All that said: I am NOT saying Reagan alone intended to create the student debt crisis. I am saying that those who elected him, those who have always elected those like him, have very strong interests in punishing the “wrong people” for trying to get ahead. And here we are.

f you want to read more about these issues, check out the books I’ll post at the bottom of this blog. Please also really get to know Milton Friedman. There are many people suffering all over the world thanks to him and his minions. Some call Income Share Agreements an “Innovative (And Milton Friedman-Approved) Way to Combat the College-Debt Crisis.” That should tell you all you need to know. If you aren’t keeping an eye on *that* special disaster, you’re missing the boat.

There’s a reason candidates have to fight for the middle class. Of course we cannot forget the poor. But the student debt crisis is a scourge on the bottom 90%. We only fix this by demanding a system that works for the 90%. That’s all of public higher ed.

Just in case you’re wondering why you didn’t know this information, please remember that there are those with knowledge who intentionally obfuscate to support their own agendas. Here’s the “leading authority” on student financial aid, per Congress.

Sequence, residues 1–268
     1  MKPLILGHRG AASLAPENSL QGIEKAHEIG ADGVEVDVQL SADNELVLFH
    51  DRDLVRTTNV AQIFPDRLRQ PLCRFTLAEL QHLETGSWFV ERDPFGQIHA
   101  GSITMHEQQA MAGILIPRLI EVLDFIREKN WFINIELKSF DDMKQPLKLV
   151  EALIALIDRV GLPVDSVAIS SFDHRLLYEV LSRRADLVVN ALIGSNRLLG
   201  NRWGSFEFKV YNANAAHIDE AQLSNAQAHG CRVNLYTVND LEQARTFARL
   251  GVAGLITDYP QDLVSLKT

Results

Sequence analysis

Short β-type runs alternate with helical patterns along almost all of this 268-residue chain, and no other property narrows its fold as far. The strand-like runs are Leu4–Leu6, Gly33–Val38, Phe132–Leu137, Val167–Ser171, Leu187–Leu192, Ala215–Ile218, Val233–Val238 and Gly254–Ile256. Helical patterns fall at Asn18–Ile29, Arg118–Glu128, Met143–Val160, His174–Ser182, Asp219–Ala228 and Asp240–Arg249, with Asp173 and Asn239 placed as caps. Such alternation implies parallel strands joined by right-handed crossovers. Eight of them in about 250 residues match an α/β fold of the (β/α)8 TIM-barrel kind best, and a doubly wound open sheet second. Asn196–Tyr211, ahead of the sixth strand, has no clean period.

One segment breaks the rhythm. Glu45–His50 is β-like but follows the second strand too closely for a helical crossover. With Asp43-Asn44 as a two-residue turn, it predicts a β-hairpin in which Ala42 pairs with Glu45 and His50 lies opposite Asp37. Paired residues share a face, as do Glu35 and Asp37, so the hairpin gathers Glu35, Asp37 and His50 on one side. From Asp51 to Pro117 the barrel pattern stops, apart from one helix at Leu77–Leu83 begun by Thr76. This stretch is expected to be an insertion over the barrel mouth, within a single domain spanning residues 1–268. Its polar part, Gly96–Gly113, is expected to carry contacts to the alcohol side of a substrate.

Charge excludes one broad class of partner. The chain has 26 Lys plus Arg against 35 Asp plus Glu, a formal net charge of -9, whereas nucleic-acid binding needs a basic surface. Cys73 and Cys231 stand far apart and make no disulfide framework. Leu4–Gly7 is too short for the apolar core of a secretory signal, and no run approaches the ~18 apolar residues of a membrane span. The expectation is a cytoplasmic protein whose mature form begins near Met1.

This (the subject of a chapter in my second book) was a reflection of Milton Friedman’s influence.

For folks who are curious to learn more about how we got into this student debt mess, here’s the deal:

  1. Student debt is a symptom of a problem, not the original problem. Read my book Paying the Price to understand why.
  2. It would be profoundly unethical to (a) address all the current student debt without protecting future generations from it or (b) protect future generations while doing nada for those being deeply harmed by debt now. We have to do both. I believe protecting the future generations must be top priority — but not the only priority. We have a responsibility to support progress even when it doesn’t personally help us. Would you have voted against making high school free just because you had to pay for it?